One of the notables of the city of Tafas in the countryside of Daraa told Enab Baladi that tribal leaders, or sheikhs, currently have a role in settling disputes and arbitrating disputes based on the provisions of the Islamic Sharia and the inherited customs recognized among the region’s clans.

He added that there are procedures that are initially represented in the “Atwa” (a time limit set in days during which the killer’s family is guaranteed safety until peace consultations begin and justice is served according to the acceptance of both parties), then assigning notables who are clan sheikhs by the family of the killer to decide on the case. It is a requirement here that this committee be aware of the norms followed in this sort of incident.

This committee, known locally as “al-Jaha,” begins by visiting the parties and bringing views closer in an effort to defuse tensions and alleviate the anger caused by the loss of a family member or a relative.

The committee rules on the case after examining its course, and the sentence may amount to “Qisas against the killer” (the death penalty). However, this ruling has not been previously applied in Daraa according to what Enab Baladi has monitored over the past years.

Among the rulings prevalent in clan disputes is the rule of “al-Diyah” (“blood money,” a payment of compensation for the loss), with the killer being expelled from the area for a period of time to be determined by the committee. The family of the murdered may pardon the murderer from the al-Diyah in what is known locally as “al-Shom,” which is reconciliation between the two parties.

Researcher Talal al-Mustafa added that the absence of law prompted the traditional clan structure to resolve the problems of crimes and disputes among the population through notables, and religious sects in Syria even created their own councils to rule in this type of cases while their notables played a positive role at some point.

However, notables may turn into a coordinating authority with the regime’s security apparatus, such as the police and the courts. Ultimately, however, this role holds the status of a “temporary interim solution,” which is positive in resolving conflicts but becomes a burden on law enforcement in the long run.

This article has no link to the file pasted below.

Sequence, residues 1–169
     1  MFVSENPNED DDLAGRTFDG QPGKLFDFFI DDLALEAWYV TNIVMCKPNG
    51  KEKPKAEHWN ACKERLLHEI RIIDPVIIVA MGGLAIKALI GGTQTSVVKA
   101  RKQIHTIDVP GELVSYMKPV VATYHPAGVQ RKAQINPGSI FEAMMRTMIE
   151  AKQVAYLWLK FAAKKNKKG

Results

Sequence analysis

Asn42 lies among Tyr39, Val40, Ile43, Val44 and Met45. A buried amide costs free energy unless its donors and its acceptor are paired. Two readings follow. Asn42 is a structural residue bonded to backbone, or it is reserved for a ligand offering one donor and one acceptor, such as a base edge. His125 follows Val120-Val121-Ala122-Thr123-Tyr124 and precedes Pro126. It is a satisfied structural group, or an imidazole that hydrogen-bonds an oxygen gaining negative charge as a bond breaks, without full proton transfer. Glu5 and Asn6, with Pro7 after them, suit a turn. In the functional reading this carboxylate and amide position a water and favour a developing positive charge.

Al-Mustafa considered that clan customs had become an authority that was searching for its societal status to implement its customs. However, if the power of the courts is restored in a “democratic state governed by law,” its role will gradually end.

Retaliation, a recurring situation in Daraa

In December 2021, three people were killed, and others wounded when a family dispute in Tafas in the western countryside of Daraa escalated into armed clashes between two of the city’s largest families, resulting in armed clashes and indiscriminate house burning by both sides of the dispute, according to what was reported by Enab Baladi’s correspondent in Daraa at the time.

The dispute between the two families dates back to about two years, as it had previously developed and included the al-Zoubi family, one of the largest families in Tafas, resulting in the emergence of large quantities of weapons. The city was later besieged by regime forces for the surrender of weapons that emerged during the fighting.

In January of the same year, five civilians were killed in Tafas, west of Daraa, following clan clashes that lasted for a whole day, causing panic among the city’s residents and damage to their properties.

Enab Baladi’s correspondent in Daraa at the time had stated that clashes between the al-Zoubi and Kiwan clans, the city’s largest clans, had not been the first of their kind and that it had resulted in the closure of schools and city markets.

In response to the fighting, the Daraa al-Balad Clan and Notables Council issued a statement to the parties of the fighting appealing for calm.


Enab Baladi’s correspondent in Daraa Halim Muhammad contributed to this report.